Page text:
New Initiative Says YES to Area Youth Searching for Jobs


      The University of Scranton’s Community Outreach Office and the Office of Career Services have partnered to offer individualized career mentoring to at-risk youth.

      Funded by a $17,000 Workforce Investment Area grant from the Scranton-Lackawanna Human Development Agency, the six-week YES (Youth Employment Series) Program offers career exploration and job search services to 20 qualified individuals between the ages of 14 to 21 who have had previous obstacles to employment. Participants, who are both in and out of school, will receive a Netbook computer to use for their job searches.

      “The goal of this program is to teach participants how to identify career opportunities that match their strengths and help them to put together an effective job-search plan,” said Patricia Vaccaro, director of community outreach at The University of Scranton, who is leading the program with Elizabeth Rozelle, assistant director of career services at Scranton.

      Twelve University of Scranton students have been trained to serve as career mentors for the YES Program to help participants develop employability skills and to provide job-search training. The students help participants map out future goals, such as graduating high school, considering post-secondary education, or finding employment. They then develop a program to train participants in the skills they need to get started toward their objectives.

      “We cover different topics every week, such as preparing for an interview or making a self-assessment,” said Matt Nealon of Clarks Summit, a sophomore accounting major. “They are learning how to promote themselves in the best way.”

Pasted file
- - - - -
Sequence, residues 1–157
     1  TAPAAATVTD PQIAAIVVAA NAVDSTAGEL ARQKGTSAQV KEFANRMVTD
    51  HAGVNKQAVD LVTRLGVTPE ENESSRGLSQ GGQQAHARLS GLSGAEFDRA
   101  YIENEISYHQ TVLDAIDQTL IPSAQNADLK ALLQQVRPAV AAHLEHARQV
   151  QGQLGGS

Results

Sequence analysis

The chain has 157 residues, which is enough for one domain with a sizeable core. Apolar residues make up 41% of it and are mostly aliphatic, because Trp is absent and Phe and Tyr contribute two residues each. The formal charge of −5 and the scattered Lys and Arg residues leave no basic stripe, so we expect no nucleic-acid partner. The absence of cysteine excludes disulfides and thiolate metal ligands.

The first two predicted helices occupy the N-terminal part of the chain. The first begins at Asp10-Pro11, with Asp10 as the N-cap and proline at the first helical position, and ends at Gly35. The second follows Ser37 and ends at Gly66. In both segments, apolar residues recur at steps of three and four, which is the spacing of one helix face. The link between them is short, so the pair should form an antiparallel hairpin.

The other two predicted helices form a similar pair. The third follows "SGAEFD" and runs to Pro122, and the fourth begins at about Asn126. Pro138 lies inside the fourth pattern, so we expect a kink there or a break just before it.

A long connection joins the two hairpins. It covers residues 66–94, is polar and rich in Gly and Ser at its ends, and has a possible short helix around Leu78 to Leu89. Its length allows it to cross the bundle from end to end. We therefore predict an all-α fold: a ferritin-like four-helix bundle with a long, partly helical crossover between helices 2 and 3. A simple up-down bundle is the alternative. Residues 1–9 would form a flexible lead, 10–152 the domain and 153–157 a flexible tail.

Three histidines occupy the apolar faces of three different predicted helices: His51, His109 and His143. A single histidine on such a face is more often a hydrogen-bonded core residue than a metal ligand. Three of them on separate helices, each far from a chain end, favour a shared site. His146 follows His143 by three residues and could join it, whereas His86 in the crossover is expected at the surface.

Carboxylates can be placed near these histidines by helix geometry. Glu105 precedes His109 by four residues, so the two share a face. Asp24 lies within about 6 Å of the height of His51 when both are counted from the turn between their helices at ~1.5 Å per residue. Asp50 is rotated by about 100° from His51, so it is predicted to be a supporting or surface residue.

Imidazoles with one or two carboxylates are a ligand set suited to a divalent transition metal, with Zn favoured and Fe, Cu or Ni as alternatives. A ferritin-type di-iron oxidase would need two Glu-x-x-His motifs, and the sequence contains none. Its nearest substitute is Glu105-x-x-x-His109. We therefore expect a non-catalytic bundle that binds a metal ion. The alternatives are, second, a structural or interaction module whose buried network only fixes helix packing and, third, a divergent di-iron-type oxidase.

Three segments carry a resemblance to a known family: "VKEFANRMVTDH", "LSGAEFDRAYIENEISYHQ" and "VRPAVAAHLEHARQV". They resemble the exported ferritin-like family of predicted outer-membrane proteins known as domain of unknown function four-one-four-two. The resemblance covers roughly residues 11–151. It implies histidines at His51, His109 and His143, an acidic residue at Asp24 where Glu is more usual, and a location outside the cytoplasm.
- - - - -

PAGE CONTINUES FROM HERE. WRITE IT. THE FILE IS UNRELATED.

“We help the participants practice practical skills needed for a job search through role playing and other activities,” said Maria Marx of Scranton, a sophomore counseling and human services major. “The most rewarding part of the program for me has been to see the progress these kids have made.”

      “This has been an eye-opening experience for me as a mentor,” said Sal Frangipane of Staten Island, N.Y., a sophomore political science and philosophy double major who also participated in the University’s Special Jesuit Liberal Arts Honors Program. “I became aware that the kids don’t have the resources that I would expect. Because the program has more one-to-one interaction, we were able to create relationships and help them develop realistic short-term and long-term goals.”

      In addition to Nealon, Marx and Frangipane, the other University of Scranton students serving as career mentors are: Jillian Barry of Voorhees, N.J.; Caitlyn Brady of Wellesley, Mass.; Chelsea Casey of Archbald; Catherine Gallagher of Haverford; Breanne Grasso of Bloomfield, N.J.; T.J. Heintz of Washingtonville, N.Y.; Josh Martinez of Carrollton, Texas; Liz Pulice of East Greenville and Kim Witt of Waymart.

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